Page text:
Marine Lab Videos
Forging a Sustainable Future: Xavier Basurto Believes Knowing How People Organize Is Key
Xavier Basurto, Assistant Professor of Sustainability Science at the Duke Marine Lab, believes knowing how people organize is the key to good fisheries policy.
Summer at Duke University Marine Lab
Duke Marine Lab: Studying Science and Sustainability
"Most of the surface of the planet Earth is ocean," says Marine Lab director Cindy Van Dover. "And if we don't understand how the ocean works and how the animal organisms in the ocean work, the processes, the dynamics, we'll miss most of how the planet works, and so ... understanding marine science is crucial."
Marine science and sustainability are what the Marine Lab is all about.
From giant sea creatures like humpback whales to dolphins and small turtles, from the genetic links between different populations of a single species to the tiniest but most abundant life forms on earth (bacteria), from the interconnectedness of the endangered whooping crane and the blue crab to the interconnectedness of human populations seeking sustainable solutions to safeguard our precious natural resources, the Marine Lab strives to understand our world -- and that place that holds so much mystery, the deep blue sea.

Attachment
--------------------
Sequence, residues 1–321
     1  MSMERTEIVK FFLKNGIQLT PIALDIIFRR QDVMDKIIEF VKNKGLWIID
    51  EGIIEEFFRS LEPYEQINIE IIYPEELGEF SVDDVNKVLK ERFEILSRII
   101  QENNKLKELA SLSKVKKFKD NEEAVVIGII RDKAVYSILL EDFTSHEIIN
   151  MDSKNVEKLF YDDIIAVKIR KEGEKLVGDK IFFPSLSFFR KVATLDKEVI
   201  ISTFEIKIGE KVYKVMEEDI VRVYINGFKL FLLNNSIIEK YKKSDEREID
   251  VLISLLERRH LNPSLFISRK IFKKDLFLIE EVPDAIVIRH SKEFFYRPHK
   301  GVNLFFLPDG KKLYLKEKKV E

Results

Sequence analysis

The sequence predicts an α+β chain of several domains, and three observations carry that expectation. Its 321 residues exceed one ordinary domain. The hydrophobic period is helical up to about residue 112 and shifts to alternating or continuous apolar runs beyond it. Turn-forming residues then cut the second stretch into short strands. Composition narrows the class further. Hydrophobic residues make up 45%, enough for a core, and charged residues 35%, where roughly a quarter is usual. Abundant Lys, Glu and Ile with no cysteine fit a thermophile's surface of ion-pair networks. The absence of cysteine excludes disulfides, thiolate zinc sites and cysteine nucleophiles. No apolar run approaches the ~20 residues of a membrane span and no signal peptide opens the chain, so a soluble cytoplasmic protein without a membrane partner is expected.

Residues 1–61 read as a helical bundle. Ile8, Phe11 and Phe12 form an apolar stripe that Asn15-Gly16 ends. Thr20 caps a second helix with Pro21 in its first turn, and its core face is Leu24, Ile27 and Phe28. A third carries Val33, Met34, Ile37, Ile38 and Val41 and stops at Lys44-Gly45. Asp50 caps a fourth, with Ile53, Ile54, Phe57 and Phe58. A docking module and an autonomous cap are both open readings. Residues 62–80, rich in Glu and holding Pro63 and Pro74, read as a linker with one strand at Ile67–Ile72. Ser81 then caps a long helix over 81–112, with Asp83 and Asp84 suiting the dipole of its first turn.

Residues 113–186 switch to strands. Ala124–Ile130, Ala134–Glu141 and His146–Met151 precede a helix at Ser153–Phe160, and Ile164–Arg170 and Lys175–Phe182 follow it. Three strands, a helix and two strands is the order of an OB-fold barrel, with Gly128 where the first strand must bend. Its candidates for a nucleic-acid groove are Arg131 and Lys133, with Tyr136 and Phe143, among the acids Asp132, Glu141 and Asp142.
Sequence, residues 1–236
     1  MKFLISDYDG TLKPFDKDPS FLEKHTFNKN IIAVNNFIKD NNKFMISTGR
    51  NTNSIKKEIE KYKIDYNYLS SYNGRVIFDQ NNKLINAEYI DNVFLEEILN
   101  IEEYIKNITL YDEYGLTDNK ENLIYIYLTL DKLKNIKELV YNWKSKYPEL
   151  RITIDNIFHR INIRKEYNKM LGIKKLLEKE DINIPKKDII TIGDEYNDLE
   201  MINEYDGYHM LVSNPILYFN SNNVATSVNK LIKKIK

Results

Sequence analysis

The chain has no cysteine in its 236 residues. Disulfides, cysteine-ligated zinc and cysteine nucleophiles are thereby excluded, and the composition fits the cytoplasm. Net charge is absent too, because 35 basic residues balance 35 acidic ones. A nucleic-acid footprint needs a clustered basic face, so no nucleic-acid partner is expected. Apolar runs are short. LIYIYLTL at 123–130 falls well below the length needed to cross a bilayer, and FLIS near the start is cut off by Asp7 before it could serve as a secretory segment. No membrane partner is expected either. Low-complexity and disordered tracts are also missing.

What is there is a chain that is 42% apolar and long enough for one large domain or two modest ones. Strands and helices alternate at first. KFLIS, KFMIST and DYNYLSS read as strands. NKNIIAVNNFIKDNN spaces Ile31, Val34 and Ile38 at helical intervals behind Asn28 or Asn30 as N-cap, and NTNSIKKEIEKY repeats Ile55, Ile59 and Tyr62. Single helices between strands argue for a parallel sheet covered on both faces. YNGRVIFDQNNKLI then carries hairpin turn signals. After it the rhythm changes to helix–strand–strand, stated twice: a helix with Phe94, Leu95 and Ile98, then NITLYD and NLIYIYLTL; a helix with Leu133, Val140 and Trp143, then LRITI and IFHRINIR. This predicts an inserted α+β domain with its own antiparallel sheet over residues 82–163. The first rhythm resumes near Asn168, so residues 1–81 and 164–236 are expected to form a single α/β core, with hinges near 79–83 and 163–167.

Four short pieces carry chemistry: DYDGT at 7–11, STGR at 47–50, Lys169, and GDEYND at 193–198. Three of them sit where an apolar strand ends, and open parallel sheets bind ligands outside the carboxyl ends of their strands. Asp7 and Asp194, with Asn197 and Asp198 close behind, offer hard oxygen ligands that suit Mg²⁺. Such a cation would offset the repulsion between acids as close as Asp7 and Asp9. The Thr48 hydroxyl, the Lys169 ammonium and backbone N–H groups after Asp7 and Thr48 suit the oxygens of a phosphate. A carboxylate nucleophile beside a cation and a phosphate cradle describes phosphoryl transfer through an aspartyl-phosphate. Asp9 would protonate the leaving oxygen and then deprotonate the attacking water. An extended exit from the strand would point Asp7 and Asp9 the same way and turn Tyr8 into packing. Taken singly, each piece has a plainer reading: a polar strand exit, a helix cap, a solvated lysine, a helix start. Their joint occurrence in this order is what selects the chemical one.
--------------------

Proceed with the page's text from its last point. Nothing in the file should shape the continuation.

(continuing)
In this video, Van Dover and other faculty members talk about their work at the Marine Laboratory and how it all fits into a better understanding of the ocean ecosystem and its linkages to all of life.
The Marine Lab a campus of Duke University and a unit within the Nicholas School of the Environment. The lab's mission is education, research, and service to understand marine systems, including the human component, and to develop approaches for marine conservation and restoration.